The Transport Department said in an email to The Standard that the roads within Discovery Bay are “private roads” and that HKRI is responsible for their maintenance and traffic management.

“Should HKRI wish to provide more taxi stands in Discovery Bay, they should submit to the government a proposal with a Traffic Impact Assessment,” the department said through its spokeswoman.

“Relevant government departments, including the Transport Department, will review the proposal based on various factors, such as the views collected from the communities in Discovery Bay and other stakeholders, passenger demand, traffic and transport impact, road safety and traffic noise and pollution,” the spokeswoman said.

But as of last week, the department said it “has not received any proposals from the HKRI on this issue.”

A resident posted a reply online from DB Services Management Ltd – a wholly owned subsidiary of HKR – that HKRI was invited by the Islands District Council to attend the meeting on October 25 to listen to the proposal raised by Tsang and views from other members.

“In addition, some Discovery Bay residents, including representatives of the DB Passenger Liaison Group, also made similar suggestions of further expanding urban and Lantau taxi access in DB. HKRI is open to suggestions and will further study the feasibility,” the DB management said in the reply.

The HKRI, through its DB Services Management, has not replied to The Standard questions posed two weeks ago.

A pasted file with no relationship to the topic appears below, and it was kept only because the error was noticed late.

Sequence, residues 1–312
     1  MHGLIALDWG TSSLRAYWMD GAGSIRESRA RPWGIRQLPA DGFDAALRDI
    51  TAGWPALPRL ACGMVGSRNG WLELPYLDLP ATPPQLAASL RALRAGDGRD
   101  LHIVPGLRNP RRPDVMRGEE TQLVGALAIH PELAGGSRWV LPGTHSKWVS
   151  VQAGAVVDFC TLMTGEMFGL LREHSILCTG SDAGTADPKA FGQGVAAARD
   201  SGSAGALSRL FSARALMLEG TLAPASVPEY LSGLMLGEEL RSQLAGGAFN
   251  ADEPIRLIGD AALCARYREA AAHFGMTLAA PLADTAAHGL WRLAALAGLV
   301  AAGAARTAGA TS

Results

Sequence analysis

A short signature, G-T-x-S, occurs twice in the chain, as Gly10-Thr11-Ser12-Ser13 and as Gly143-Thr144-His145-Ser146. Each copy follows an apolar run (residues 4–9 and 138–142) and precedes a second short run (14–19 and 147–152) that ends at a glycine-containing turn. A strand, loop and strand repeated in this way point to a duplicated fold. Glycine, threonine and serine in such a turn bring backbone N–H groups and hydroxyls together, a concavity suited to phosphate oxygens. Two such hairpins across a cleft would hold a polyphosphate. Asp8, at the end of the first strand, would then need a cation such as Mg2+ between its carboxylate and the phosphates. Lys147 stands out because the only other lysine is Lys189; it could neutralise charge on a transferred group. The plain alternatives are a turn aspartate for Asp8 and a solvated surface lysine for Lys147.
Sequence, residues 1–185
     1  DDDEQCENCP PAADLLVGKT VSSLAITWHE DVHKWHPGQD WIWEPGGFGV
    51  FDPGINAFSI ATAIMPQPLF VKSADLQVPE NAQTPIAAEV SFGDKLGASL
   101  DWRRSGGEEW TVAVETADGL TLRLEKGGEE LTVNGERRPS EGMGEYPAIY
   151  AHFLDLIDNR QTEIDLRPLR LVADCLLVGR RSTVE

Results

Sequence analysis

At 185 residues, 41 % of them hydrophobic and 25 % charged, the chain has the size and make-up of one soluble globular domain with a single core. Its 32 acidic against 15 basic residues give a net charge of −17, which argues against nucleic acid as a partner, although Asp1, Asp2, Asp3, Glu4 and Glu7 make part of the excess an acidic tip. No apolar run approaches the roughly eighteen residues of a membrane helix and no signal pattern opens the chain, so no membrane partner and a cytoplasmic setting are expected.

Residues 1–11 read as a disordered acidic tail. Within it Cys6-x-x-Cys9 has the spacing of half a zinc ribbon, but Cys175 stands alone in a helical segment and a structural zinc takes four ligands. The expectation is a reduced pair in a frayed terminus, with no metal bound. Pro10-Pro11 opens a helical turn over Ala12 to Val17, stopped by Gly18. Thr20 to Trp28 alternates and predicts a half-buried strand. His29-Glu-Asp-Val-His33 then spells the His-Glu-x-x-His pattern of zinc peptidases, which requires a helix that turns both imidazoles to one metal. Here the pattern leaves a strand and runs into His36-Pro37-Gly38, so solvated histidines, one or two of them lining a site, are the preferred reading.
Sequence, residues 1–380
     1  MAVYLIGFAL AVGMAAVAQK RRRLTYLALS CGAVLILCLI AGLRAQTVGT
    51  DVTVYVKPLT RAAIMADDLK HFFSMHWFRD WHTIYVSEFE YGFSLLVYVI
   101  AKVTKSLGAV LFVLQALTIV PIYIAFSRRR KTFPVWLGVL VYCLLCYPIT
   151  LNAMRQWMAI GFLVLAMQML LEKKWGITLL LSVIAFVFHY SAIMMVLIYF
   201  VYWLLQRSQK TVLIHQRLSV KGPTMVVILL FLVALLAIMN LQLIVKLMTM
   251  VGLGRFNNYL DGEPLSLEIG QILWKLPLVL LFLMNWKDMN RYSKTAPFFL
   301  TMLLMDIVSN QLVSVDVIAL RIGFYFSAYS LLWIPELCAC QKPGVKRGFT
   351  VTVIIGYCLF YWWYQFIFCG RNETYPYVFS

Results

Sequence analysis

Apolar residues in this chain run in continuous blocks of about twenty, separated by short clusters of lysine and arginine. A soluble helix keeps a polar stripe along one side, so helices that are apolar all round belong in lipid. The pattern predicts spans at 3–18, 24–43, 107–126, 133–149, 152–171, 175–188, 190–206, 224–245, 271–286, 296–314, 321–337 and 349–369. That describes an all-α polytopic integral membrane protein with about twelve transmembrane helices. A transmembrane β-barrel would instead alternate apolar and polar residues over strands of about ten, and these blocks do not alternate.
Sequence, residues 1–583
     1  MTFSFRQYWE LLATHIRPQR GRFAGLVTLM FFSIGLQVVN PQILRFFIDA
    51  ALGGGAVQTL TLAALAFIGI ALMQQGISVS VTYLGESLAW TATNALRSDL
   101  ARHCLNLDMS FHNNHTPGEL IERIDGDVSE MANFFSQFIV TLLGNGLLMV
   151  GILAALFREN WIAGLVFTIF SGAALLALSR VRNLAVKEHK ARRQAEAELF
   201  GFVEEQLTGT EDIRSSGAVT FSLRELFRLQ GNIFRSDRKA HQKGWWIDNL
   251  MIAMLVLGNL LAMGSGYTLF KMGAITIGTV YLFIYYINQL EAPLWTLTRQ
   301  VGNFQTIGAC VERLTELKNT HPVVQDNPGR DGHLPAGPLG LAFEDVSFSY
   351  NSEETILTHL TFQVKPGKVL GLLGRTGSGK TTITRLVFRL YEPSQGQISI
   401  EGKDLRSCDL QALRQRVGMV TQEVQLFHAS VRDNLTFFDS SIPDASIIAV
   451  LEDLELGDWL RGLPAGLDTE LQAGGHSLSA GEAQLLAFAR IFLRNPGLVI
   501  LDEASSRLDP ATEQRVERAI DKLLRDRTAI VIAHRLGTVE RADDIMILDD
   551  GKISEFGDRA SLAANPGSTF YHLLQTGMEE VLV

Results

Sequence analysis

More taxis could be especially dangerous for slow-moving golf carts – several golf carts have been involved in accidents, some fatal, through the years in the upscale neighborhood.

Many who oppose the proposal say the taxis would make two-lane roads in the quiet tree-lined hilly enclave unsafe and hazardous to people, pets, golf carts, bikers, scooter-riders while destroying the peace and quiet of the community of some 16,000 residents.

Majority of the opposing voices also questioned why a Peng Chau district councilor would raise the taxi expansion proposal when the island’s residents would not benefit from the more expensive transport.

Peng Chau residents are served by the kaito ferry to go to Discovery Bay and back.

Nim Shue Wan, the dormitory village for Discovery Bay workers, is a short walk from the Peng Chau ferry pier for the kaito ferry, which costs just HK$7 for adults. Many residents can also take the Discovery Bay ferry to go to Central at HK$47 a trip.

Questions have been raised as to why Peng Chau residents would take a taxi to go to the Discovery Bay South Plaza instead of taking the 10-minute walk.

The South Plaza is where commuters can catch HKRI-run buses to Tung Chung or Sunny Bay MTR stations, or where people can catch shuttle buses to various estates at HK$5.20 a pop.

Taxis are currently only allowed up to Discovery Bay North Plaza, after the Transport Department last amended the legislation to permit taxis -- but confined to a very limited area and segregated from golf carts -- to serve the then newly opened Auberge Discovery Bay Hong Kong hotel.